Young British Muslims and Christians get stitched-up


Groups unite to lobby over ‘unfair’ trade rules

THIRTY young British Muslims and Christians have united in London to lobby the UK government over trade rules.

The youngsters met at Lambeth Palace to agree a statement calling on the UK government to take the lead in ending the EU’s distorting cotton subsidies which prevent over 10 million African farmers from trading fairly.

Critics of the subsidies say they are forcing African farmers into poverty, and along with US subsidies, they are estimated to lose West African countries around $250million every year.

The Christian-Muslim Youth Forum on Trade Justice, organised by MADE in Europe and the Christian Muslim Forum, was hosted by the Archbishop of Canterbury, Dr Rowan Williams and Maulana Shahid Raza, Chair of the Mosque & Imam National Advisory Board.  They were joined by Dr Harriet Lamb, Executive Director of the Fairtrade Foundation and two youth participants for a panel discussion.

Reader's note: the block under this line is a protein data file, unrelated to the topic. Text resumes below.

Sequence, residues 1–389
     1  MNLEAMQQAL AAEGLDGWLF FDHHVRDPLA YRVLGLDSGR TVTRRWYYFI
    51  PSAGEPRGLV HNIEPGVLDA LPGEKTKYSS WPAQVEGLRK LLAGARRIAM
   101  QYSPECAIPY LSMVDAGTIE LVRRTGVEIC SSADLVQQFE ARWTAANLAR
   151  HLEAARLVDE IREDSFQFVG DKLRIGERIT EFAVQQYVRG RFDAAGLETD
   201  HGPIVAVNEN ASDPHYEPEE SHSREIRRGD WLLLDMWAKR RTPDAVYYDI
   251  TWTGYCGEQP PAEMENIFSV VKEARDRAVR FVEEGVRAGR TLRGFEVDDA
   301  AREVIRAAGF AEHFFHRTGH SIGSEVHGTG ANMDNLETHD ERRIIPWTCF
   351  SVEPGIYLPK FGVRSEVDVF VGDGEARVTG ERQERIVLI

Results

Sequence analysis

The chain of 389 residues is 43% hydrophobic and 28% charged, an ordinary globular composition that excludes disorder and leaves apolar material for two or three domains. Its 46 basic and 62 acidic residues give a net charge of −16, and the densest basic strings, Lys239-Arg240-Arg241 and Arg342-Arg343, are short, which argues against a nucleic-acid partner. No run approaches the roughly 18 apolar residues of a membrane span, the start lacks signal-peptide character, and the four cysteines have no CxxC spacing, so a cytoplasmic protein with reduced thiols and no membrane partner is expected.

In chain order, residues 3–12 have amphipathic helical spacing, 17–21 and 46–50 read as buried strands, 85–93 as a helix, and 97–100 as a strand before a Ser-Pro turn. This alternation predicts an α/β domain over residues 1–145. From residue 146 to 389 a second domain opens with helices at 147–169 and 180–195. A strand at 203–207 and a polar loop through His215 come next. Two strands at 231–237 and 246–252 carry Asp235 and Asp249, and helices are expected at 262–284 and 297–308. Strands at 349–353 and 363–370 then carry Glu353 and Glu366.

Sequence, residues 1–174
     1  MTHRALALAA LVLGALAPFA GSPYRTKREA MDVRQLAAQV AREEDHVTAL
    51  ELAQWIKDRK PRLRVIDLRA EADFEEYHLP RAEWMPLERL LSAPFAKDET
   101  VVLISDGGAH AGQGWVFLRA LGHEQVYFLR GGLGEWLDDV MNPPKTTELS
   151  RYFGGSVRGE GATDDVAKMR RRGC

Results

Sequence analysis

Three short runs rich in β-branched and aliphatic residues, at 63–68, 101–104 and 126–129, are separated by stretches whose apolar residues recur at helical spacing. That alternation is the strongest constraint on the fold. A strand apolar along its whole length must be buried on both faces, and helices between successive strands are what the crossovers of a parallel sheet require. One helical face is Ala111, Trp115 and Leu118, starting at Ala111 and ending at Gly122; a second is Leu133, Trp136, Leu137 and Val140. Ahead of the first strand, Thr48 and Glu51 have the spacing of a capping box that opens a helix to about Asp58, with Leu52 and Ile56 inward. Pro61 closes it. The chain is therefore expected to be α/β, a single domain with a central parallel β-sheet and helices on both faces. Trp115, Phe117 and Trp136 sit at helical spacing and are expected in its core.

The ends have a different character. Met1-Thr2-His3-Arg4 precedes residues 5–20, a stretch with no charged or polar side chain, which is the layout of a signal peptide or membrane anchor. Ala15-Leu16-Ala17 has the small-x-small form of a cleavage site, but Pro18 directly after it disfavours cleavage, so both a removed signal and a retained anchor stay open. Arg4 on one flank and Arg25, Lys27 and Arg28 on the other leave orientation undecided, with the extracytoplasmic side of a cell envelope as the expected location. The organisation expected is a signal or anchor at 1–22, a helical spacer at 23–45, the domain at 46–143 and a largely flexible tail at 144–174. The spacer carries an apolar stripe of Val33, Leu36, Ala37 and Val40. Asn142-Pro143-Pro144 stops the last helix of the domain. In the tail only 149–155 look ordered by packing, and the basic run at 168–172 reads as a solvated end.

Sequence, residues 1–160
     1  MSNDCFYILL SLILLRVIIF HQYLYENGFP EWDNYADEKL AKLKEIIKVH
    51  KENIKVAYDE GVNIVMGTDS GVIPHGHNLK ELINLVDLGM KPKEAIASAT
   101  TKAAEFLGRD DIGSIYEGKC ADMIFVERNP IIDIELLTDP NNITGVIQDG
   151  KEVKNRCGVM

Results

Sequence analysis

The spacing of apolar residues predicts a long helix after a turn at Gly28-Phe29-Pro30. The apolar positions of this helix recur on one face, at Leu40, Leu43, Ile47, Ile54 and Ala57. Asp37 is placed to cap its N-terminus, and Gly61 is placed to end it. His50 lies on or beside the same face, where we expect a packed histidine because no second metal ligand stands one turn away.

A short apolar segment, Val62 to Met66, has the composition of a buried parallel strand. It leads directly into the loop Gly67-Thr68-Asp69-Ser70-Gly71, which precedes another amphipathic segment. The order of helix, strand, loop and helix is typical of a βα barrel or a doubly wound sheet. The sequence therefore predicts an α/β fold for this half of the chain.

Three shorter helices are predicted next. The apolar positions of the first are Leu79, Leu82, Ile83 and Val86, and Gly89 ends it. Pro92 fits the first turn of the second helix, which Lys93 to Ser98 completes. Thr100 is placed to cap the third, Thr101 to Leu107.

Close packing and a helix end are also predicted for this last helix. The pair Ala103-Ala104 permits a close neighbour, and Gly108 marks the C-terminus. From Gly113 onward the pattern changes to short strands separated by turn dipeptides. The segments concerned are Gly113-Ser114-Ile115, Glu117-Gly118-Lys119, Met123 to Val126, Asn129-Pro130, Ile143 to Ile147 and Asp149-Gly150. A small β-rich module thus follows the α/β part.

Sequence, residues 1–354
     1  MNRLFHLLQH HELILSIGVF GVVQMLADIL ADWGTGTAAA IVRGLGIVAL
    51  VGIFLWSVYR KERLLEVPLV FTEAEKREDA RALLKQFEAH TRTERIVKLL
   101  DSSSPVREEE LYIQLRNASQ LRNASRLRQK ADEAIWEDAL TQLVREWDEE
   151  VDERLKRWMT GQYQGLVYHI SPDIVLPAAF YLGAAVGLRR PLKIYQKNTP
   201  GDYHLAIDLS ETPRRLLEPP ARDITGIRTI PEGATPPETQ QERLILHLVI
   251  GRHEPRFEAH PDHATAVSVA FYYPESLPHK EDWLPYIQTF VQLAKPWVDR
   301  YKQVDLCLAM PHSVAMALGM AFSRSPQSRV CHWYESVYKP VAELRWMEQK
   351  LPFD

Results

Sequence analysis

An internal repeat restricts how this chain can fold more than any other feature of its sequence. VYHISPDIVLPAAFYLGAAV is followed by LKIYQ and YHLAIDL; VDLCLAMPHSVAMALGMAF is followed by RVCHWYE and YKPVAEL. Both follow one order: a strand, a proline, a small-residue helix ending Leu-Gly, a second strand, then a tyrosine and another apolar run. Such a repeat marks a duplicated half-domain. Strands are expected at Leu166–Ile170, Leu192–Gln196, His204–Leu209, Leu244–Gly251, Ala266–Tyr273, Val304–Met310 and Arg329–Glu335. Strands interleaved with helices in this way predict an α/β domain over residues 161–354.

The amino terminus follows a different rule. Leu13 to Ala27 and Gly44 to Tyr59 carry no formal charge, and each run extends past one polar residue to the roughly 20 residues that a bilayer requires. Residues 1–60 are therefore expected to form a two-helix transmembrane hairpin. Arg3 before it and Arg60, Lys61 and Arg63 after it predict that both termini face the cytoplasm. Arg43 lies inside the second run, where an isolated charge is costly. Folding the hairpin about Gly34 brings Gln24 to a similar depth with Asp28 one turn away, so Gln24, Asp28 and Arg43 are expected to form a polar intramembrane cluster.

The youngsters will hand over a statement to Rt Hon Caroline Spelman, Secretary of State for Environment, Food & Rural Affairs later in the year in advance of the EU negotiations on the Common Agricultural Policy. 

Zeenat Azmi, 25, the Muslim youth participant who sat on the panel said: “This is a crucial time to renegotiate for a better deal for cotton producers in the developing world by reforming EU policies that encourage overproduction. 

“Addressing trade injustice is essential for sustainable change in developing nations in the long term and it is in all our interests and at the core of our faith to work towards a more equal world.”


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